Abstract: Mutual Stationarity, first introduced by Foreman and Magidor, is a key concept for the study of stationary subsets on the powersets of singular cardinals. In this talk we will introduce a new way to add sequences with strong mutual stationarity properties by forcing. Towards this end we introduce a concept we dubbed Rudin-Keisler Capturing, a new large cardinal property living in the gaps of the Mitchell-Order. This is joint work with Omer Ben-Neria.

CMU Logic Seminar
Time: Tuesday, 14 March, 3:30 – 4:30pm Pittsburgh time (21:30 – 22:30 CEST)
Speaker: Alejandro Poveda Ruzafa, Harvard University
Title: The Gluing Property
Abstract: In this talk, I’ll report on a recent joint project with Y. Hayut where we introduce a new compactness principle called ‘’The Gluing Property’’. This concept was isolated from a former argument by Gitik saying that the existence of a \kappa-compact cardinal entails an inner model with a strong cardinal. During the talk, we shall introduce the gluing property and show that compact-like cardinals (such as strong compacts, \Pi^1_1-subcompacts, etc) do satisfy a certain amount of gluing. Contrarily, non-compact cardinals like strong cardinals are known to fail to have the gluing property. We shall conclude the exposition by discussing how to force the \omega gluing property from optimal assumptions. This latter being surprisingly mild – just “\exists \kappa (o(\kappa)=\omega_1)”.
Information: See the seminar webpage.

Vienna Logic Colloquium
Time:
Thursday, 16 March, 15:00 – 15:45 CET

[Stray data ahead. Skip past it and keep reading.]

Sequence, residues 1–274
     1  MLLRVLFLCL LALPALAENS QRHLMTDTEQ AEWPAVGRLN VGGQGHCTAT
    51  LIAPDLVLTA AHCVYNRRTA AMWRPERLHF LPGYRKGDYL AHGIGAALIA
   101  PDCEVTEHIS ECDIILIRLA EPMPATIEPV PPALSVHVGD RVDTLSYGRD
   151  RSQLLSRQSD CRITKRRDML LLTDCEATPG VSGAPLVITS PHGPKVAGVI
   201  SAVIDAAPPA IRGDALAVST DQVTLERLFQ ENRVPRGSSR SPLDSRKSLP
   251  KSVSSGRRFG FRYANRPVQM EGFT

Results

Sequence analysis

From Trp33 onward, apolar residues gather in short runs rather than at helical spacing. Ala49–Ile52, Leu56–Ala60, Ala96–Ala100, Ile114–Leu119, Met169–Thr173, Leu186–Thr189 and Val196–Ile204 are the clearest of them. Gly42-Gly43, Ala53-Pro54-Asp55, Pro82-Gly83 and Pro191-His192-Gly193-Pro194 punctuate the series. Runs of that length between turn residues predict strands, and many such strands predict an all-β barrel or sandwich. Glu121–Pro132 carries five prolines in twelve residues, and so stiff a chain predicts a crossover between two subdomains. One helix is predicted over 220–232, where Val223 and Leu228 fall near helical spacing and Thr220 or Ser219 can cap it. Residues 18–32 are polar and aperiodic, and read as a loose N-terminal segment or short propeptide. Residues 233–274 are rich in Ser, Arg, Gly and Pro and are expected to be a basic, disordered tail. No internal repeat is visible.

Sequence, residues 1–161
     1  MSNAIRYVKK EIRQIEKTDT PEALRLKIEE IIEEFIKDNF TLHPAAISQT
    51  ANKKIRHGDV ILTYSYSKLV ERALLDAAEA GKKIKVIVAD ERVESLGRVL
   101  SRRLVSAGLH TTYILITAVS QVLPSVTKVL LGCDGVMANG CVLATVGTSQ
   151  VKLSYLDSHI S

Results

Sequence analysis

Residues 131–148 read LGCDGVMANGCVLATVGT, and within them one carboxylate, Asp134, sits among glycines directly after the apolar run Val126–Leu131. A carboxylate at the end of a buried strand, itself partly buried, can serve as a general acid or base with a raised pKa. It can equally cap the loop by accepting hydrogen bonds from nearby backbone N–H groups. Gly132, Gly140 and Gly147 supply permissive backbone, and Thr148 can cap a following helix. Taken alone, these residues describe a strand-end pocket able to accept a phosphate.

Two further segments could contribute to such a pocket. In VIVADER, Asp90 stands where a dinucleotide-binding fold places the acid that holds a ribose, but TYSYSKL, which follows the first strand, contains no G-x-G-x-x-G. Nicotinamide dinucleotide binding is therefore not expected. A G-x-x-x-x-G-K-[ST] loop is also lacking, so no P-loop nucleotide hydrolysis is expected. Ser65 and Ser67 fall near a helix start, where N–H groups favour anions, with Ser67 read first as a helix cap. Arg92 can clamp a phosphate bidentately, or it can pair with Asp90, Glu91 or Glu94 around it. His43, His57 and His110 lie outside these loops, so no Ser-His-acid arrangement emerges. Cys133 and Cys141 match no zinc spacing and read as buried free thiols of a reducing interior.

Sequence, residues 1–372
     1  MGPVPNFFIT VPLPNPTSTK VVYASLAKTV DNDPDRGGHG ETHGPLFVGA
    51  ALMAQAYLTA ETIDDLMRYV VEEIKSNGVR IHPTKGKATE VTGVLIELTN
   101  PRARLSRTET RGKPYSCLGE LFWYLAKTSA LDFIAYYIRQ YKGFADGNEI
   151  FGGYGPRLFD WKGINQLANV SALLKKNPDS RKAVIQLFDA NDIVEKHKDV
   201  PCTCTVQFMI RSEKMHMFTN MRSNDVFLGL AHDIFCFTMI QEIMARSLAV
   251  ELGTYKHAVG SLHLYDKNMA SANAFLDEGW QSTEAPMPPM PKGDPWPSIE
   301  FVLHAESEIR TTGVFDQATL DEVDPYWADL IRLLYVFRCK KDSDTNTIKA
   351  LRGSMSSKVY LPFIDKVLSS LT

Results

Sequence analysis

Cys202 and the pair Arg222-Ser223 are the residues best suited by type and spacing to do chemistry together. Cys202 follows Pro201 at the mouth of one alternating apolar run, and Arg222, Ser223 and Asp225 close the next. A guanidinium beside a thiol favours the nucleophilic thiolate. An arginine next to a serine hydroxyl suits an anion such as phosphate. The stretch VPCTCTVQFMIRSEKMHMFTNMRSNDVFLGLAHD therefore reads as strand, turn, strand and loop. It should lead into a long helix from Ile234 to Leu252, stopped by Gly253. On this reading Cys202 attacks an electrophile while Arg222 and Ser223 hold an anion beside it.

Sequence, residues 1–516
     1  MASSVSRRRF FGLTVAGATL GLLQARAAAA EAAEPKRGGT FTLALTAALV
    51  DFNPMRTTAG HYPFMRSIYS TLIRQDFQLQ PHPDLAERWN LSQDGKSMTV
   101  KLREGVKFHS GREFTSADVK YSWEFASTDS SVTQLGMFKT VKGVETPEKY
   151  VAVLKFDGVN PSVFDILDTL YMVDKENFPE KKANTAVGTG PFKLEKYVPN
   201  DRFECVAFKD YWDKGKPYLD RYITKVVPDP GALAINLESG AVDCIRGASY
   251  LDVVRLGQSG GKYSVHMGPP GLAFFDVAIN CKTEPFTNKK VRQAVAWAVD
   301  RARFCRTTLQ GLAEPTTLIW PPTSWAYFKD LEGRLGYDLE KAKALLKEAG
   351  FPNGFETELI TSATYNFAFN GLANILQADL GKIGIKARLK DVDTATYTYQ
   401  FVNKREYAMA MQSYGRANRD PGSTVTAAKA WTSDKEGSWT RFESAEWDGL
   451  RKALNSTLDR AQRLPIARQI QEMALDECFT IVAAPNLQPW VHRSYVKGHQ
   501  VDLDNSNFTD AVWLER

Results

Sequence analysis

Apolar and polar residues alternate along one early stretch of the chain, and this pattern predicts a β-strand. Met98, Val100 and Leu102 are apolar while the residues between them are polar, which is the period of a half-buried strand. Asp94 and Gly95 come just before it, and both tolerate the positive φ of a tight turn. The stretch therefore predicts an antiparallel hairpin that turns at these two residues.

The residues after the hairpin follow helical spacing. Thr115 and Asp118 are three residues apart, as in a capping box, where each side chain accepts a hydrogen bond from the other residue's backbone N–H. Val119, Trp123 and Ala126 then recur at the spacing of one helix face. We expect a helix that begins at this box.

Speaker: Silvain Rideau-Kikuchi, University of Paris
Title: Multi topological fields, approximations and NTP2
Abstract: (Joint work with S. Montenegro)
The striking resemblance between the behaviour of pseudo-algebraically closed, pseudo real closed and pseudo p-adically fields has lead to numerous attempts at describing their properties in a unified manner. In this talk I will present another of these attempts: the class of pseudo-T-closed fields, where T is an enriched theory of fields. These fields verify a «local-global» principle with respect to models of T for the existence of points on varieties. Although it very much resembles previous such attempts, our approach is more model theoretic in flavour, both in its presentation and in the results we aim for.
The first result I would like to present is an approximation result, generalising a result of Kollar on PAC fields, respectively Johnson on Henselian fields. This result can be rephrased as the fact that existential closeness in certain topological enrichments come for free from existential closeness as a field. The second result is a (model theoretic) classification result for bounded pseudo-T-closed fields, in the guise of the computation of their burden. One of the striking consequence of these two results is that a bounded perfect PAC field with n independent valuations has burden n and, in particular, is NTP2.
Information: This talk will be given in hybrid format. Please contact Richard Springer for information how to participate

Cross-Alps Logic Seminar
Time: Friday, 17 March, 16.00-17.00 CEST
Speaker: Victor Selivanov, Institute of Informatics Systems, Novosibirsk
Title: Boole vs Wadge: comparing basic tools of descriptive set theory
Abstract: We systematically compare ω-Boolean classes and Wadge classes, e.g. we complement the result of W. Wadge that the collection of non-self-dual levels of his hierarchy coincides with the collection of classes generated by Borel ω-ary Boolean operations from the open sets in the Baire space. Namely, we characterize the operations, which generate any given level in this way, in terms of the Wadge hierarchy in the Scott domain. As a corollary, we deduce the non-collapse of the latter hierarchy. Also, the effective version of this topic and its extension to k-partitions are developed.
Information: The event will stream on the Webex platform. Please write to  luca.mottoros [at] unito.it  for the link to the event.

CUNY Set Theory Seminar
Time: Friday, 17 March, 12:15pm New York time (18:15 CET)
Speaker: Jonathan Osinski, University of Hamburg
Title: Model-Theoretic Characterizations of Weak Vopěnka’s Principle